Primary Purpose: Treatment
Official Title: Career Training in Marijuana Dependence
Study Start Date : April 2004
Actual Study Completion Date : December 2007

Resource links provided by the National Library of Medicine

Primary Outcome Measures :
  1. Drug use; measured at Weeks 12 and 16

Secondary Outcome Measures :
  1. Anxiety; measured at Week 12
  2. Craving; measured at Week 12
  3. Withdrawal symptoms; measured at Week 12

Information from the National Library of Medicine

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Ages Eligible for Study:   18 Years to 65 Years   (Adult, Older Adult)
Sexes Eligible for Study:   All
Accepts Healthy Volunteers:   No

Inclusion Criteria:

  • Meets DSM-IV criteria for marijuana dependence
  • Lives within 60 miles of the study site
  • Willing to provide collateral individuals for contact purposes
  • Willing to use an effective form of contraception throughout the study

Exclusion Criteria:

  • Meets DSM-IV criteria for dependence upon a substance other than marijuana, nicotine, or caffeine
  • Meets DSM-IV criteria for a history of schizophrenia or another non-affective psychotic disorder or bipolar disorder
  • Meets DSM-IV criteria for current major depressive disorder or eating disorder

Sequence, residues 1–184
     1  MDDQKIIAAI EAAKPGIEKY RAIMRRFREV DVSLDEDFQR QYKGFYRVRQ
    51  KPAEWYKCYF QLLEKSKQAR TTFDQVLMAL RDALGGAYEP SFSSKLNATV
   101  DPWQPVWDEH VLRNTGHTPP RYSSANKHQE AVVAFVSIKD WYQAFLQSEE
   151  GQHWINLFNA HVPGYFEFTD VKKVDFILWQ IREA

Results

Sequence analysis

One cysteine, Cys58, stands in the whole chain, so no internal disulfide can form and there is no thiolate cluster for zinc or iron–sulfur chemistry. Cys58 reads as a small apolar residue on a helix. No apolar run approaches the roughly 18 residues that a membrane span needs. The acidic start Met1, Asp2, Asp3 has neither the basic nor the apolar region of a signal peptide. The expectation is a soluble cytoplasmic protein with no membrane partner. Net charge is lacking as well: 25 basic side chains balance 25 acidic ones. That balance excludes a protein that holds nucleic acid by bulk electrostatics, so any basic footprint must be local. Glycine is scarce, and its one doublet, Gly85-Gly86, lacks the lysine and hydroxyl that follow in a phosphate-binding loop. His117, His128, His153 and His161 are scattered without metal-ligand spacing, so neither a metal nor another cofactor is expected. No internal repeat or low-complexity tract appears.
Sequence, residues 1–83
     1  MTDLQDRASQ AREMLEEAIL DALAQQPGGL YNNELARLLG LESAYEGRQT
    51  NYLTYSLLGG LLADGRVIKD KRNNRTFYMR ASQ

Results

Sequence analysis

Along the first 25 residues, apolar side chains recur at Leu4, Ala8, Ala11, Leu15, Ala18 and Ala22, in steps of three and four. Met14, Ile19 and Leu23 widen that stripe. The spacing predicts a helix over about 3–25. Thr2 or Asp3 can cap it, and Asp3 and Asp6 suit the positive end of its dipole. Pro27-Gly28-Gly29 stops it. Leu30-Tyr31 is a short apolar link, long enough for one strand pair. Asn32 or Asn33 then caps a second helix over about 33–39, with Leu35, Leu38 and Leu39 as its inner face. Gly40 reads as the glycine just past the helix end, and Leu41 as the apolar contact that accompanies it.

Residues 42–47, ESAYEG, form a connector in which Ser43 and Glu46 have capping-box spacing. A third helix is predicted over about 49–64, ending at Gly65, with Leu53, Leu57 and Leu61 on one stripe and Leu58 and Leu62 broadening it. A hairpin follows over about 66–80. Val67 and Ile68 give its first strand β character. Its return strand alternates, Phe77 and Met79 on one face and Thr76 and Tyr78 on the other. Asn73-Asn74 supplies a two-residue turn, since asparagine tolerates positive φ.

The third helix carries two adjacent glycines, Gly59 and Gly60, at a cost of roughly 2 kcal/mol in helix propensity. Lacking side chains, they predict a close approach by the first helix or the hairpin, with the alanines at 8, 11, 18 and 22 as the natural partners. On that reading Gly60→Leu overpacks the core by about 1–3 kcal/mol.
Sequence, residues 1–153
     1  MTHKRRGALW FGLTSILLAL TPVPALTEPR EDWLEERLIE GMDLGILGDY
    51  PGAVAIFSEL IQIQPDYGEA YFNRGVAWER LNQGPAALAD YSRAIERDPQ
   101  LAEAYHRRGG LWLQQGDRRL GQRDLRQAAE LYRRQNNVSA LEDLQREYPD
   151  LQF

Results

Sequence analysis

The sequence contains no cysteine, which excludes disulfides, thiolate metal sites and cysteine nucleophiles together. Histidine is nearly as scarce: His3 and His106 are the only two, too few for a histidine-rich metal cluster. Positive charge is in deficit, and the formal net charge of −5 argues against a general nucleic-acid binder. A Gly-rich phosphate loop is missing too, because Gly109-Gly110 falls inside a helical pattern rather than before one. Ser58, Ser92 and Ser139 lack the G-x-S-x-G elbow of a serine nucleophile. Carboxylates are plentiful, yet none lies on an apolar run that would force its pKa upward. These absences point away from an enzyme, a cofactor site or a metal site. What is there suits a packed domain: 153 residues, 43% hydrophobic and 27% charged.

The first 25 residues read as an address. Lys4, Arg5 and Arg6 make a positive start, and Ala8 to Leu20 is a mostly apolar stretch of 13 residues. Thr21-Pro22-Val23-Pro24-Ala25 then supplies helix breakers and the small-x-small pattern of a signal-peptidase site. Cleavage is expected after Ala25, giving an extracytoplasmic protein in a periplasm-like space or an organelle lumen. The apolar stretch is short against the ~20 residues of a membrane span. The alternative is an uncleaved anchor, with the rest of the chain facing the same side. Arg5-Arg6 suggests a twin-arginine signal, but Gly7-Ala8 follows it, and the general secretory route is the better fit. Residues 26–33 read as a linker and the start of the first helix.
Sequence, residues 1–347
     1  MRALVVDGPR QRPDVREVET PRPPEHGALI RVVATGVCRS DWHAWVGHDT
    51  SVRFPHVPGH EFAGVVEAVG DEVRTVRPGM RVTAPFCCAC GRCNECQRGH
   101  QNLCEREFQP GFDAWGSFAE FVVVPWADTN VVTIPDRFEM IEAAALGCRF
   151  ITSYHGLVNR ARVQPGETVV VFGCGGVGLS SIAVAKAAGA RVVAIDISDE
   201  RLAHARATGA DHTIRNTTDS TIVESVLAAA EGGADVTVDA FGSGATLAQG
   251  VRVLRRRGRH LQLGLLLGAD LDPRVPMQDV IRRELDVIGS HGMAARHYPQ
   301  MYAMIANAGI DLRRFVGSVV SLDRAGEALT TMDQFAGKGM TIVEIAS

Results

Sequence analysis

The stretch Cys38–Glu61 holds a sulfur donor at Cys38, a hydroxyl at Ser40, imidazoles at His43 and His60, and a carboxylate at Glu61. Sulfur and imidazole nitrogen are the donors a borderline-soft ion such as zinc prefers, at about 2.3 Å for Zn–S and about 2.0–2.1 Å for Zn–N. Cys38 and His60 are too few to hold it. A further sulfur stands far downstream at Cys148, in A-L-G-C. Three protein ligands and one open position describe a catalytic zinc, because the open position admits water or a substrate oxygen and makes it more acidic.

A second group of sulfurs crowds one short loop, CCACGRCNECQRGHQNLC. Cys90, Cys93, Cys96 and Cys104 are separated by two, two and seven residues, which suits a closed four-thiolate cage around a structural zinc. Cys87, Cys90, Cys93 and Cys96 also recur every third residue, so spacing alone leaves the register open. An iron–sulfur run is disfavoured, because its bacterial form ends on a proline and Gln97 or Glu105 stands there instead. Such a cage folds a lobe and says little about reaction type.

• Significant cognitive impairment
  • Currently taking benzodiazepines, antidepressant, or antipsychotic medications
  • Major medical illnesses (e.g., HIV, kidney failure, unstable angina, chronic obstructive pulmonary disease, infectious hepatitis)
  • Not in stable housing
  • Pregnant or breastfeeding

Information from the National Library of Medicine

To learn more about this study, you or your doctor may contact the study research staff using the contact information provided by the sponsor.

Please refer to this study by its identifier (NCT number): NCT00149617

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United States, South Carolina
Medical University of South Carolina
Charleston, South Carolina, United States, 29425
Sponsors and Collaborators
Medical University of South Carolina
National Institute on Drug Abuse (NIDA)
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Principal Investigator: Aimee Mcrae, Pharm.D. Medical University of South Carolina
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Responsible Party: Aimee L. McRae, Medical University of South Carolina Identifier: NCT00149617    
Other Study ID Numbers: NIDA-15440-1
K23DA015440 ( U.S. NIH Grant/Contract )
First Posted: September 8, 2005    Key Record Dates
Last Update Posted: October 9, 2015
Last Verified: December 2007
Keywords provided by Medical University of South Carolina:
Mood Disorder
Additional relevant MeSH terms:
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Marijuana Abuse
Mood Disorders
Mental Disorders
Substance-Related Disorders
Chemically-Induced Disorders
Anti-Anxiety Agents
Tranquilizing Agents
Central Nervous System Depressants
Physiological Effects of Drugs
Psychotropic Drugs
Serotonin Receptor Agonists
Serotonin Agents
Neurotransmitter Agents
Molecular Mechanisms of Pharmacological Action